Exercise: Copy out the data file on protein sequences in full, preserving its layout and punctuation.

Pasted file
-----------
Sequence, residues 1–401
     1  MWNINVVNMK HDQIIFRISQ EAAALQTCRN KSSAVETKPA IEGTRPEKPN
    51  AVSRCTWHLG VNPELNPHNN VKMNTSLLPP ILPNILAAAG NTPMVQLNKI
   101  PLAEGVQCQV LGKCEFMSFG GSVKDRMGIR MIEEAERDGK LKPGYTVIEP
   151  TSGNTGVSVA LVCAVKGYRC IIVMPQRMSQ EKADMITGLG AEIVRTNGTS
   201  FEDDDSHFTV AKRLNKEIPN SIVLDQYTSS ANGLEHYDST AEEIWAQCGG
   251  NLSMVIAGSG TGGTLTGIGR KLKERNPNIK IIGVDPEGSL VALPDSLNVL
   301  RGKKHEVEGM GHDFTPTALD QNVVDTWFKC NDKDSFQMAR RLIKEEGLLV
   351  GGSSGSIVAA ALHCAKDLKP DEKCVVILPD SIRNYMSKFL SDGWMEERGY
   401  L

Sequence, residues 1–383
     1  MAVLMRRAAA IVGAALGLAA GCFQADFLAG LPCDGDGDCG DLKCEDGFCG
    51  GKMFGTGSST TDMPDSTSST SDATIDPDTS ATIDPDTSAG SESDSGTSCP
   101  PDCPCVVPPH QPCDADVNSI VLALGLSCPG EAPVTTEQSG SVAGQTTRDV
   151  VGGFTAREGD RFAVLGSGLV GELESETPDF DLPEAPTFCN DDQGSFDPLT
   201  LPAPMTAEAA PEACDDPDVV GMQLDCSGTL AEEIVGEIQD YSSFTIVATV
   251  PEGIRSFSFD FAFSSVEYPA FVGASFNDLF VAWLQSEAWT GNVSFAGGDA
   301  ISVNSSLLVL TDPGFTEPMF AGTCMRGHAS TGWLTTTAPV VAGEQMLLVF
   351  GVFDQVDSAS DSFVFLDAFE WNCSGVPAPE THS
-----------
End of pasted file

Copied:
Sequence, residues 1–401
     1  MWNINVVNMK HDQIIFRISQ EAAALQTCRN KSSAVETKPA IEGTRPEKPN
    51  AVSRCTWHLG VNPELNPHNN VKMNTSLLPP ILPNILAAAG NTPMVQLNKI
   101  PLAEGVQCQV LGKCEFMSFG GSVKDRMGIR MIEEAERDGK LKPGYTVIEP
   151  TSGNTGVSVA LVCAVKGYRC IIVMPQRMSQ EKADMITGLG AEIVRTNGTS
   201  FEDDDSHFTV AKRLNKEIPN SIVLDQYTSS ANGLEHYDST AEEIWAQCGG
   251  NLSMVIAGSG TGGTLTGIGR KLKERNPNIK IIGVDPEGSL VALPDSLNVL
   301  RGKKHEVEGM GHDFTPTALD QNVVDTWFKC NDKDSFQMAR RLIKEEGLLV
   351  GGSSGSIVAA ALHCAKDLKP DEKCVVILPD SIRNYMSKFL SDGWMEERGY
   401  L

Sequence, residues 1–383
     1  MAVLMRRAAA IVGAALGLAA GCFQADFLAG LPCDGDGDCG DLKCEDGFCG
    51  GKMFGTGSST TDMPDSTSST SDATIDPDTS ATIDPDTSAG SESDSGTSCP
   101  PDCPCVVPPH QPCDADVNSI VLALGLSCPG EAPVTTEQSG SVAGQTTRDV
   151  VGGFTAREGD RFAVLGSGLV GELESETPDF DLPEAPTFCN DDQGSFDPLT
   201  LPAPMTAEAA PEACDDPDVV GMQLDCSGTL AEEIVGEIQD YSSFTIVATV
   251  PEGIRSFSFD FAFSSVEYPA FVGASFNDLF VAWLQSEAWT GNVSFAGGDA
   301  ISVNSSLLVL TDPGFTEPMF AGTCMRGHAS TGWLTTTAPV VAGEQMLLVF
   351  GVFDQVDSAS DSFVFLDAFE WNCSGVPAPE THS